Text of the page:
Support Black-led organizing
Being an ally means supporting those who are leading. Right now, that means supporting Black-led organizing, so often the most important force in demanding that our American democracy do better to live up to its founding ideals. So I’m going to increase the percentage of my giving that goes to groups like Black Visions Collective and Minneapolis Freedom Fund in Minneapolis, Brooklyn Movement Center, Life Camp, and the Audre Lorde Project in NYC, and national groups like Color of Change and Black Youth Project. Here’s a good list of Black-led organizations to support.
Working for Police Reform in Localities Across the Country
Local Progress, the national network of progressive local elected officials, has created a Reform/Transform toolkit to evaluate policing reforms according to a set of standardized criteria across jurisdictions. Use it to start a conversation with your friends in other cities comparing police reform efforts … and then to join and support those efforts.
My friend and Local Progress colleague Jeremiah Ellison, a Minneapolis city council member, wrote for the New York Times over a month ago: “During every crisis, well-meaning white people here make a ritual of acknowledging the city’s steep inequities, but we’ve been hearing the same “woe is you” sentiment for a long time. It’s as if people think the mere acknowledgment is the work… Now this pandemic is bringing forward the full horror of our inability to reckon with America’s history of racial terror. For many black people experiencing the disproportionate impact of this crisis, any solution will come too late; the consequences of our inaction are too final.”
This week, Jeremiah is in the streets of Minneapolis supporting protesters facing down tear gas and rubber bullets, even as the pandemic rages on in communities he represents. As he wrote, “the how we got here is known and the path out is knowable.” We have to put in the work.
Let’s show up, and take care of each other.
In this email:
City and State Updates
- Latest Impacts: The country surpassed 100,000 deaths from the coronavirus over the last 4 months, a heartbreaking milestone. Here in NYC, 16,673 people are confirmed to have died from COVID and another 4,742 are presumed. More than 51,449 people have been hospitalized and 198,255 positive cases have been identified.
- Contact Tracers: NYC has hired 1,700 contract tracers who will be starting work on June 1. As of now, only 100 tracers are on the job. The city expects to have 2,500 tracers hired — the number needed to meet one of Gov. Andrew Cuomo’s metrics to begin reopening its economy — some time in the first half of June.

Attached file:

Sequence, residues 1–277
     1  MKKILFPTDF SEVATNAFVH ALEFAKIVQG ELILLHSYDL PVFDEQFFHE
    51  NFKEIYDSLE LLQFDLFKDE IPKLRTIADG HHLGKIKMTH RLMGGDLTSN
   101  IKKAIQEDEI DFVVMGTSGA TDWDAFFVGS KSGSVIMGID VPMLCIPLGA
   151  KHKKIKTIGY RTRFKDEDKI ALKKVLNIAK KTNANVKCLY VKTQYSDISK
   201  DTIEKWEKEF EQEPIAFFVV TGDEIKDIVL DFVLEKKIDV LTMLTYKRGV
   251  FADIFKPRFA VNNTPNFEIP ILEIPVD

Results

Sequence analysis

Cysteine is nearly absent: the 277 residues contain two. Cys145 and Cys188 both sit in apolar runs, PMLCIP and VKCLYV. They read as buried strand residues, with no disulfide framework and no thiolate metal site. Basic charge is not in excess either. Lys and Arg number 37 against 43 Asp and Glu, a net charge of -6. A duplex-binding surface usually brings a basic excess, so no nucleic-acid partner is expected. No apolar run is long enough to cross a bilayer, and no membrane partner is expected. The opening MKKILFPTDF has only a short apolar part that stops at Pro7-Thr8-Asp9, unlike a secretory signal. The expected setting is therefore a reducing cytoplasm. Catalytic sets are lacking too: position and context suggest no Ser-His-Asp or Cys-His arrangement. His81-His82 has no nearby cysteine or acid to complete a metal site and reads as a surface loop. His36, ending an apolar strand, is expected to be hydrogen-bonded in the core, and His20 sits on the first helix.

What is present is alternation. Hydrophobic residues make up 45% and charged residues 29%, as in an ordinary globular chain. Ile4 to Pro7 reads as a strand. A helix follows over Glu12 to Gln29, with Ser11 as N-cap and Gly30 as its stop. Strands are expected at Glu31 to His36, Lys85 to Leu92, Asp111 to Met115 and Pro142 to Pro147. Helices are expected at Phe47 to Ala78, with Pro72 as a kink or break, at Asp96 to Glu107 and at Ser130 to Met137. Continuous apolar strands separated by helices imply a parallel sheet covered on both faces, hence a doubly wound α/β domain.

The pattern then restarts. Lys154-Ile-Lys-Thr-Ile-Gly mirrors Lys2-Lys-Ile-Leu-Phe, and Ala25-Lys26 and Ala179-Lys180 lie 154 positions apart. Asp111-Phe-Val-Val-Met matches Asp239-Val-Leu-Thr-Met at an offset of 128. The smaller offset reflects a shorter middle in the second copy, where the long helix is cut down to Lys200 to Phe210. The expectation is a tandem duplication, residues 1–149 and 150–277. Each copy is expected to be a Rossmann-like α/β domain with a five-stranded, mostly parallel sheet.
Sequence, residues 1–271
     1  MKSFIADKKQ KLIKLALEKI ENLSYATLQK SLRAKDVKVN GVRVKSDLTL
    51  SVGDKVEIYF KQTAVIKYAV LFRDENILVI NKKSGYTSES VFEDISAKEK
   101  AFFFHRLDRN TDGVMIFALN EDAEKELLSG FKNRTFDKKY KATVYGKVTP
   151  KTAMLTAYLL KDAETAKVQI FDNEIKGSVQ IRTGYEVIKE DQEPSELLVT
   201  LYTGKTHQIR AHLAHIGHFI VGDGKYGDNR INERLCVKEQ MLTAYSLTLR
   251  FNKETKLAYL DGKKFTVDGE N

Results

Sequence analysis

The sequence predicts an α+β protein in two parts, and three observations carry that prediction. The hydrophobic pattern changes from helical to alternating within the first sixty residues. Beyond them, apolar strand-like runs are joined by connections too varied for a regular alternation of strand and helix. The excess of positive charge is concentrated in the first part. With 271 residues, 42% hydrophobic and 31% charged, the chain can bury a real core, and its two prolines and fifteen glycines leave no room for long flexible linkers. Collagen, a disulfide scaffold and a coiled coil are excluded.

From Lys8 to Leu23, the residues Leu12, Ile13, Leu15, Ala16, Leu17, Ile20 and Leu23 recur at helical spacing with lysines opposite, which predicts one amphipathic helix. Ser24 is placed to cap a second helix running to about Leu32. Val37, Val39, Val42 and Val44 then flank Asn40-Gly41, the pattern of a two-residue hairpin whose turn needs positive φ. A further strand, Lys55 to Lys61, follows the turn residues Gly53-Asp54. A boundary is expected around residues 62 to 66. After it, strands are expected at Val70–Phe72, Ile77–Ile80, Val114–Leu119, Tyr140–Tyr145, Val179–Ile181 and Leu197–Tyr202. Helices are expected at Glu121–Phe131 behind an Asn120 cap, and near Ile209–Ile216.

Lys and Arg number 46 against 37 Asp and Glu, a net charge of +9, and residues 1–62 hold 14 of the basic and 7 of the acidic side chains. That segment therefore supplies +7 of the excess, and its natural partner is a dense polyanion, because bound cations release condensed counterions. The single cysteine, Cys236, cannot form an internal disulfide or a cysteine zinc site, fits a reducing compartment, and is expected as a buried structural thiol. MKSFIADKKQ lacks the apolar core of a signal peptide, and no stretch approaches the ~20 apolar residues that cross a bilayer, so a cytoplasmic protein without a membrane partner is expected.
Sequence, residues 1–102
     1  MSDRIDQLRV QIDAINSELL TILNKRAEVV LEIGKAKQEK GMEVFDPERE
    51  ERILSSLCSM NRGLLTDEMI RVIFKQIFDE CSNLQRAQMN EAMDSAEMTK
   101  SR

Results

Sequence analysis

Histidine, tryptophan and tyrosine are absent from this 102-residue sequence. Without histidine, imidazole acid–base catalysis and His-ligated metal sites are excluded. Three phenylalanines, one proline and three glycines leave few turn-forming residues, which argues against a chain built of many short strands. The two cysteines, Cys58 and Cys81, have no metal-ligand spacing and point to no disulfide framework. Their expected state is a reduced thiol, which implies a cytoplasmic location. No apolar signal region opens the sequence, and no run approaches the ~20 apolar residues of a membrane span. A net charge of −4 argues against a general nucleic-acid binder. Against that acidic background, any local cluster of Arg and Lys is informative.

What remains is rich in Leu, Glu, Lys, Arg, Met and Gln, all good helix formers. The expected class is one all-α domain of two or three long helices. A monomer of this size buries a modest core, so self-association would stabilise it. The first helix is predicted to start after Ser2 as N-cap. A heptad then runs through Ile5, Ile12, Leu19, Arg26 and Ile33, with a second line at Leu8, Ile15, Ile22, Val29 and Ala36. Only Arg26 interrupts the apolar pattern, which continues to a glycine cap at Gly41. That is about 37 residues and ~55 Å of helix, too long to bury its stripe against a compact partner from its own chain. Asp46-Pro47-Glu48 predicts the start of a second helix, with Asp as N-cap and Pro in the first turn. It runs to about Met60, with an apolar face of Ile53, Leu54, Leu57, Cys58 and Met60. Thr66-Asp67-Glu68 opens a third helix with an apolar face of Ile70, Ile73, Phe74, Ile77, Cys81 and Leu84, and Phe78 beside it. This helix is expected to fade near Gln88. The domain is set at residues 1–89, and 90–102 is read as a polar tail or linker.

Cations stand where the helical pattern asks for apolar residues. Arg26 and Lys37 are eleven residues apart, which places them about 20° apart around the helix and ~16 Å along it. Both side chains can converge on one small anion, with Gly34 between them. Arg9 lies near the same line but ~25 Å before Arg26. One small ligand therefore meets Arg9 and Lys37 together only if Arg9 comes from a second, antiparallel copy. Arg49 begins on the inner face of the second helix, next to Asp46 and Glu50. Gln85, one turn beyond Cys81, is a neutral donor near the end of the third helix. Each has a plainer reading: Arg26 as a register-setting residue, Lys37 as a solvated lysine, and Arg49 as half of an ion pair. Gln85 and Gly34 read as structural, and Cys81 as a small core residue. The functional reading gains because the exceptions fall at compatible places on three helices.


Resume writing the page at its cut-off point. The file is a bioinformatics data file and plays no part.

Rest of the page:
- Reopening Progress: Long Island met all of the seven metrics to begin the Phase 1 reopening on Wednesday. Every region in the state outside of New York City has begun the reopening process. For details and information about the different phases of this process visit forward.ny.gov. The Mayor announced that NYC is expected to start Phase 1 in the first or second week of June.
- Resources for Special Education: Beyond Access is hosting a series of online workshops and trainings, focused on providing families of children with disabilities tools and strategies to support their child at home through remote learning. Learn more and sign up here.
- Outdoor, Socially-Distanced Dining: The City Council introduced legislation yesterday to allow for outdoor dining, in an effort to help struggling restaurants survive. I’m proud to be a sponsor of the legislation and hopeful that the administration will be a partner in making this happen.
- Register to Vote: Today is the deadline to register if you are not yet, in order to vote in the June primary election. Register here and order your absentee ballot to vote from home here. The State Senate just passed legislation to expand access to absentee voting by mail to the November general election.
- School admissions: The DOE is holding townhalls with parents around the city to get input onto how to approach admissions for middle and high school students in the absence of the grades and tests that usually inform screened admissions. The Brooklyn townhall is scheduled for June 2nd at 6 PM, more information and sign up here.
- Reusable Bags: Thanks to everyone who donated their reusable Fresh Direct bags. We delivered them to the fantastic volunteers with the South Brooklyn Mutual Aid, who are feeding several hundred families each week, for their food delivery efforts. We’ll still take your bags at the following locations and times.
- Park Slope: 256 13th St, M-F, 9 AM to 6 PM
- Carroll Gardens: 71 3rd Pl, M-F, 8 AM to 6 PM
- Cobble Hill: 359 Henry St, Mon-Wed, 9 AM to 6 PM
- Kensington: 3 Avenue C, Saturdays at 4 PM